Cholecystolithiasis is an endemic disease that usually requires elective surgery and may present with pulmonary complications.(5) In the immediate postoperative period, there is often a restrictive respiratory disorder usually leading to reduced forced vital capacity (FVC), and reduced forced expiratory volume in the first second (FEV1). These changes typically indicate the occurrence of restrictions in lung function.(6)

There are few data in literature about the influence of a short-time preoperative fast with maltodextrin solution on muscle strength and lung function.


To evaluate pulmonary function and functional capacity in the immediate preoperative period and 24 hours after surgery in patients undergoing elective cholecystectomy by laparotomy, with either prolonged or shortened fasting.


This was a prospective randomized clinical trial including 92 patients treated at the Surgical Outpatients Clinic of Hospital Santa Helena, in Cuiabá (MT), Brazil, from January to December 2011. The study was approved by the Research Ethics Committee of the Hospital Universitário Júlio Müller, Universidade Federal de Mato Grosso, protocol number 783/CEP-HUJM/10. All participants signed an Informed Consent Form.

The inclusion criteria were female patients with an indication for cholecystectomy by laparotomy and spinal anesthesia, aged 18 to 60 years, with body mass index (BMI) ranging from 18.5 to 29.5kg/m², American Society of Anesthesiology (ASA) I and II, and Subjective Global Assessment (SGA) A. We excluded patients requiring cholecystectomy with bile duct exploration, patients who underwent surgery with operative time longer than 120 minutes or whose anesthesia had to be converted to general anesthesia, patients requiring another immediate surgical procedure, patients with postoperative complications, pregnant patients, and those suffering from diabetes, hypertension, chronic obstructive pulmonary disease, lung disease, heart disease, arthritis, and gastroesophageal reflux disease.

The groups were differentiated based on preoperative fasting period. G1 was composed of patients who underwent shortened fasting, with restriction of solids for 8 hours and ingestion of tea with addition of 12.5% maltodextrin in 400mL and 200mL, 6 and 2 hours, respectively, before the scheduled time for surgical procedure. In G2, the patients followed the prolonged fasting time, with no intake of solids or liquids for a period of at least 8 hours before the operation.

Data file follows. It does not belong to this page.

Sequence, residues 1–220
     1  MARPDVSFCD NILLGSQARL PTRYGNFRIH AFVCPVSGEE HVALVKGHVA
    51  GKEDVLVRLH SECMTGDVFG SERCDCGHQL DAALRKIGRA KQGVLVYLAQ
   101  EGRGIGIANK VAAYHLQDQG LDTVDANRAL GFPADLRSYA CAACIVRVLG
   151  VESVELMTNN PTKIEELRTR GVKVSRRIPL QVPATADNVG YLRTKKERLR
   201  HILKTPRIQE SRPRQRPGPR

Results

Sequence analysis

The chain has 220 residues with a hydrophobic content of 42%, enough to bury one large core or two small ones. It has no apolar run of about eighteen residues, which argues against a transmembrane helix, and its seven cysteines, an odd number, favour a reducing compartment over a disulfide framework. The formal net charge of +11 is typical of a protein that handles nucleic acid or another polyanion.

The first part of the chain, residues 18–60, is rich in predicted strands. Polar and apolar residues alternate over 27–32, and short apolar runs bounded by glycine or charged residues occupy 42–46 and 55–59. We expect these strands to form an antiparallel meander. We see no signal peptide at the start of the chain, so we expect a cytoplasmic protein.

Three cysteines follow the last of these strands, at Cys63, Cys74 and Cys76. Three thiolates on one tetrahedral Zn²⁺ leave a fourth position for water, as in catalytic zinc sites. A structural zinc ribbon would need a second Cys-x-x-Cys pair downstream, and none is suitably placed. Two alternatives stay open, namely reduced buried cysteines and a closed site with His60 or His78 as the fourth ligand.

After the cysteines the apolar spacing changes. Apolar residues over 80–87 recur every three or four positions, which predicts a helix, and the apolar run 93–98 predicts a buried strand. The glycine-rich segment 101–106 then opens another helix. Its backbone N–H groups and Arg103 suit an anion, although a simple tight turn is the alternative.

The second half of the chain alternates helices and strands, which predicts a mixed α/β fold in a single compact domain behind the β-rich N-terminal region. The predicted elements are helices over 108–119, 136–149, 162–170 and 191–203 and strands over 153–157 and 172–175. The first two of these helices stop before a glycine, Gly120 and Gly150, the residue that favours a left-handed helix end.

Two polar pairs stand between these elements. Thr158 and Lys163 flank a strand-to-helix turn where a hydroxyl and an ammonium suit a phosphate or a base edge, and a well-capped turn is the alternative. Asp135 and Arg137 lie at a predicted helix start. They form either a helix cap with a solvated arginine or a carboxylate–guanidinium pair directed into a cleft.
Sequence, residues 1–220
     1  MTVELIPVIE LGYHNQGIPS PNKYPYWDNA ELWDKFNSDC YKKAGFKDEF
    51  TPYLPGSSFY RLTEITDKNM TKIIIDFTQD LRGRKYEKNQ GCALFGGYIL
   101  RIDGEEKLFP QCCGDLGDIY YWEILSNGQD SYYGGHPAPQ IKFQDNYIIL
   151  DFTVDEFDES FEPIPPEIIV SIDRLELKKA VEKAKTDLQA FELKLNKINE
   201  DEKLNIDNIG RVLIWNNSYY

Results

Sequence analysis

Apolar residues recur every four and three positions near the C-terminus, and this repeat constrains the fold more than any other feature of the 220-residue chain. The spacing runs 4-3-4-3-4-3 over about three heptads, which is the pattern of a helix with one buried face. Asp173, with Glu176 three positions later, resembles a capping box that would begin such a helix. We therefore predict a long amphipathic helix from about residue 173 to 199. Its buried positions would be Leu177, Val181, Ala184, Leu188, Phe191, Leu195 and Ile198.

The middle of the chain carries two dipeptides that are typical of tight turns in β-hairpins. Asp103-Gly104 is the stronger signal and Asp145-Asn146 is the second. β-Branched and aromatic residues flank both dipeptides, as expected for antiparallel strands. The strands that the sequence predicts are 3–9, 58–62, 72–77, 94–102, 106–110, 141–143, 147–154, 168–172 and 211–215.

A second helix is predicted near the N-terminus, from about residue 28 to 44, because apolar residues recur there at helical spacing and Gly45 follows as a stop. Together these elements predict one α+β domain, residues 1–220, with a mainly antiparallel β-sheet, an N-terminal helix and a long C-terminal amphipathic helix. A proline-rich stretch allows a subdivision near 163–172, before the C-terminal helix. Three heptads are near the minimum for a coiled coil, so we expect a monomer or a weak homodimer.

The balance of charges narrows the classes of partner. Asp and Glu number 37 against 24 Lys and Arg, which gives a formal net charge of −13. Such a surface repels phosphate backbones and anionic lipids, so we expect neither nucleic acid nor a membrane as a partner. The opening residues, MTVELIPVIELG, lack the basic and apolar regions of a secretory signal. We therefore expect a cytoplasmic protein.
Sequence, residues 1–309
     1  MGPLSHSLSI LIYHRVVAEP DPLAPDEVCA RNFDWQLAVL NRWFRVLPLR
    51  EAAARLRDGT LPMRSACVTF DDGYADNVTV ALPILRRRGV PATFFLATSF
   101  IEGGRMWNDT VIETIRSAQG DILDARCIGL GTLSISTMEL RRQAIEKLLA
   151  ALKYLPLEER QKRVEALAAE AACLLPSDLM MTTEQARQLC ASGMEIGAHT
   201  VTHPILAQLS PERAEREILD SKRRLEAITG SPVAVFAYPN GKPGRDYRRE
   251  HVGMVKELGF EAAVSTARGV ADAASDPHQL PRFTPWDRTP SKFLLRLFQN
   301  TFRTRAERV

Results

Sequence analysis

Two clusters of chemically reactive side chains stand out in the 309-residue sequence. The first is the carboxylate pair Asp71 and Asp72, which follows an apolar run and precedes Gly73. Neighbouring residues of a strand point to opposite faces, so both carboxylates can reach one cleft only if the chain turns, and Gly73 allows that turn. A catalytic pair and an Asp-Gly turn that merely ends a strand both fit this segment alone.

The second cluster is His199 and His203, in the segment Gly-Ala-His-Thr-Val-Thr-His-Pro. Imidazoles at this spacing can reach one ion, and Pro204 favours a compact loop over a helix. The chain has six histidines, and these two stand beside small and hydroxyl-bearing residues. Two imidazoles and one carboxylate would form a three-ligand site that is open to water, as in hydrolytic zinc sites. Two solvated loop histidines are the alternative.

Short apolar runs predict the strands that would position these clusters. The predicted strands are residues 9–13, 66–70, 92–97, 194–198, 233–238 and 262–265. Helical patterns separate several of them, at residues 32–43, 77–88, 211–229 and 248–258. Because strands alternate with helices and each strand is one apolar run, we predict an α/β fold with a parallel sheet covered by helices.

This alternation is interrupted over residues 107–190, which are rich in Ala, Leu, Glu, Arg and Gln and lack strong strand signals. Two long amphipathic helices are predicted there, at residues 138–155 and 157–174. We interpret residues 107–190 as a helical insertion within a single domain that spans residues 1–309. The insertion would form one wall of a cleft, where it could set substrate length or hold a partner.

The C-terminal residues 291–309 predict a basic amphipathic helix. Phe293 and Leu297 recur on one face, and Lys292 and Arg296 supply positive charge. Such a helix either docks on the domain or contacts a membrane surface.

The surgical procedure was performed by the same professional team and with the same standard surgical technique. Spinal anesthesia was used and all patients were sedated with intravenous midazolam at a dose of 0.01 to 0.08mg/kg.

Analgesia was initiated in the recovery room, consisting of 2g of dipyrone and 75mg of sodium diclofenac. Subsequently, dypirone 1g was prescribed every 6 hours. Prophylactic antibiotic therapy with cefazolin was prescribed.

Data collection was carried out in two stages: in the preoperative period, 2 hours before surgery; and 24 hours after starting time of surgery.

The spirometry variables measured were PEF, FEV1 e FVC. The incentive spirometer One Flow FVC® HS Clement Clarke International (Harlow, Essex, England) unit, with a disposable nozzle as interface between patient and spirometer, was used for all measurements.

The patients remained seated, with their heads in neutral position, without bending the neck and using a nose clip. Maximal inspiration was made until they reached their inspiratory capacity, followed by a blow as fast and as hard as possible reaching the vital capacity. Three reproducible maneuvers were done with a 1 minute interval between them. The best value curve, as elected by the spirometer software, was included for data analysis.

The variables for muscle strength were dominant hand grip strength (dHGS) and non-dominant handgrip strength (ndHGS), measured by a hydraulic dynamometer (Saehan Corporation, Masan, Korea).

Measurement was performed with the patient seated on a chair with a straight back and no support for the arms, shoulder adducted and neutrally rotated, elbow flexion at 90°, forearm and wrist in neutral position between zero and 30° of extension, and zero and 15° of ulnar deviation. Three measurements were performed, and the arithmetic mean of the two highest readings of each hand was used for analysis.(7)

Randomization was performed by the GraphPad software website ( All variables were normally distributed after applying the Kolmogorov-Smirnov test, thus justifying the use of parametric statistical methods. Individual variables, clinical characteristics, spirometry and functional capacity values were compared according to the preoperative fasting and postoperative evaluation, initially by Student's t test for independent variables. Later, the Student's t test was used with dependent groups (paired) for intragroup comparison (pre-and postoperatively). The arithmetic means and standard deviation results were used for all analyses, as displayed on the tables. The level of significance was set at 5%, using the Epi-Info, version 3.5.2, and Statistical Package for the Social Science (SPSS), version 13.0, for Windows software.